vendredi 26 juin 2015

On Balance And Inclusiveness

I have been thinking about balance lately.

Balance between work and play; mind and body; body and soul…

Joy and sadness, sun and shadow...

But then balance is hard to find (and to keep) if we do think about it as a rope between two polarities; a rope we are supposed to walk upon.

(Some of us can do that, walk on a rope: it takes a lot of dedicated practice first.)

I have come, instead, to consider balance as an inclusive process.

I decided to include perennials into my balcony garden. Hello Lupin!

Take love, for instance. 

Loving is seeing.

Love is at the center of everything; it is why we are here in the first place, from tiny ant to big elephant. 

Yet, as humans, we have a kind of limited access to this foundational, encompassing love – so what we generally call “love” (in various contexts) is a fragment of it: parental love, romantic love, self-love. Friendly love. 

Love for your furry companion.

These forms of love are simply parts of the whole – like each of us, in fact.

And just like us, these loves need to grow, to evolve, to be sustained and heard, to find their own balance.

Maybe there is a reason why we are like this, forever struggling and searching; maybe there is something to be added, to be created in the endeavour, something important for the whole? Surely.

Something like a song, a choreography, a poem.

This is why the inclusive quest, I think, works best than the elusive.

In other words: chase something that is elusive, and it will elude you (me, at least). But consider yourself as a whole. Today. What do you see?

Blooming Yarrow.

I see – or rather I feel, I hear – a song, a rhythm, carried out by several voices. To simplify, I’ll call these voices: Body, Mind, Soul, Connection to nature, Awareness of the cosmos. These are just words, but I find them useful to identify (somehow) the various kinds of voices humming me into life, humming life into me.

I am not separate from them; they are not separate from me. And of course, they are not separate from one another. We are One, remember? We are One as a species, as a planet – and as people.

These voices create our own song (what we experience and manifest) together. Body, Mind, Soul, Connection to Nature and to the Universe, all of these elementary aspects of life are naturally involved in any human process (like love, work, or play; like building a cabin or a relationship), and when you try to leave some of them out, you start losing balance.

Whereas the closer you get to the center, the more layers you find, in delicate, intricate harmony.

Mind and Soul (each and together) need to be grounded in the Body; in the sensual, daily experience of nature around us, of the circadian and seasonal cycles – as they have always been.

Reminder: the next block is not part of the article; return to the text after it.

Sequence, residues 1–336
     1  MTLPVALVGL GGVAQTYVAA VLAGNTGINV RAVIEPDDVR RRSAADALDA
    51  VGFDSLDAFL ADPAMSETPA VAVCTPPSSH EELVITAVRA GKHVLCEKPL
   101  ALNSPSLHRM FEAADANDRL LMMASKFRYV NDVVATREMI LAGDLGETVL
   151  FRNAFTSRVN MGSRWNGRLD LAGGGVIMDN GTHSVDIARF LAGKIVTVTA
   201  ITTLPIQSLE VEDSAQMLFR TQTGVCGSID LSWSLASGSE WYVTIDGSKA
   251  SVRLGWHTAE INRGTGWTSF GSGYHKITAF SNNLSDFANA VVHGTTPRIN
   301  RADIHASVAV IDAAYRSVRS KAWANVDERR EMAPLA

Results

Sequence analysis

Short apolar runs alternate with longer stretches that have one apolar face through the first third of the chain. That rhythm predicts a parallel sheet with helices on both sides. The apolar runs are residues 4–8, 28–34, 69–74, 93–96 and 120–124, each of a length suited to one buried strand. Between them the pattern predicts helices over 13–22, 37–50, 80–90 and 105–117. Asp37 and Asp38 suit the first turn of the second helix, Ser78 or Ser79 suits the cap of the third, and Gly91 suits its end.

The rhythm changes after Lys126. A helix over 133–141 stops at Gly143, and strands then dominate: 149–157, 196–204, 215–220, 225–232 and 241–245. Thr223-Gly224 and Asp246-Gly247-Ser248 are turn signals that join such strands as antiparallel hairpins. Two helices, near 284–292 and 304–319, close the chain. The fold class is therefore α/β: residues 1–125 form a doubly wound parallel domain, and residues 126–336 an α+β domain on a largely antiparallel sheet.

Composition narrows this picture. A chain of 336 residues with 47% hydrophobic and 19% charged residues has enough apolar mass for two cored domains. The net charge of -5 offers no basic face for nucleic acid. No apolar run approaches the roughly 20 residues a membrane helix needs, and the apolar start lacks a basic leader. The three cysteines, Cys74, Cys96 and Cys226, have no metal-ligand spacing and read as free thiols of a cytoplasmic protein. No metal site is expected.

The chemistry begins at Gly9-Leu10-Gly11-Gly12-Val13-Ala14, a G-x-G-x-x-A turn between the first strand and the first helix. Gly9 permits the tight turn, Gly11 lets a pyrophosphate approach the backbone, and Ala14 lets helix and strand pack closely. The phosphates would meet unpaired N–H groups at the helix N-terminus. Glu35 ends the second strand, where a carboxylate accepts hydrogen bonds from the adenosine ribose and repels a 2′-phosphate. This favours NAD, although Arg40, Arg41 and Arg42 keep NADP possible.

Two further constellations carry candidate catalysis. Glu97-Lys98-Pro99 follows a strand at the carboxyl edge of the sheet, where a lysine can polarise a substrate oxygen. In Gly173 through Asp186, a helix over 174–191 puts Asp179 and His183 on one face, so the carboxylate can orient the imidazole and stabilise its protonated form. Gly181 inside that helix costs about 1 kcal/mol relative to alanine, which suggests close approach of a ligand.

Body-and-Mind, on their own, are an instable duo: soon the Ego steps in as a referee or ruler, whereas the Soul would have created between them a much more gentle, natural equilibrium (leaving room for the cat and the moon to hum along ;o)

Lola calling me out to the balcony is my first daily connection to both Nature and the Body 
and brushing her purring self in the soft morning air is a Soul-nurturing practice :o)

Are you still with me? Is this becoming too abstract? I hope not.

For you see, I have been immersed in mental processes way too often since my former post: the translation that had “just arrived on my desk” was followed by several others, in close succession and sometimes concurrently.

These were interesting essays on contemporary art (for galleries or magazines) but they were not easy, and one particular magazine was a new client with very high standards. I had dreamed of working for them! So pretty much everything but translation was pushed aside for weeks (in addition to my job at the yoga centre).

Since Body and Soul (or even Nature) were not able to properly balance the Mind, worry stepped in (how can I do it all in time? or properly?) and started fogging my mind, ironically, preventing me to function properly on the translating front. For weeks (and it’s not over).


So when the most pressing deadlines were behind me, a few days ago, I made a pause, to create again an inclusive space in my life for balance  :o)

Stretching in Wild Thyme.

I switched from Yoga to Danga on Andrew Bird’s music (and it felt wonderful).

The night of the Summer Solstice (which I would have missed if not for Milla’s post), I improvised a small ceremony, with a cedar smudge and a beeswax candle I made this winter. It connected me again with the subtle currents out there – and in there – that can help us swim, if we don’t swim against them.

Yarrow, holding her buds to the light.

Last Sunday, I invited my neighbour to share a comforting cardamom-spiced cocoa: we talked about his work (he is making impressive marionettes for a circus right now), Lola (I need to find a nice cat-sitter within two weeks), flowers (we both planted many this year)… and sick trees.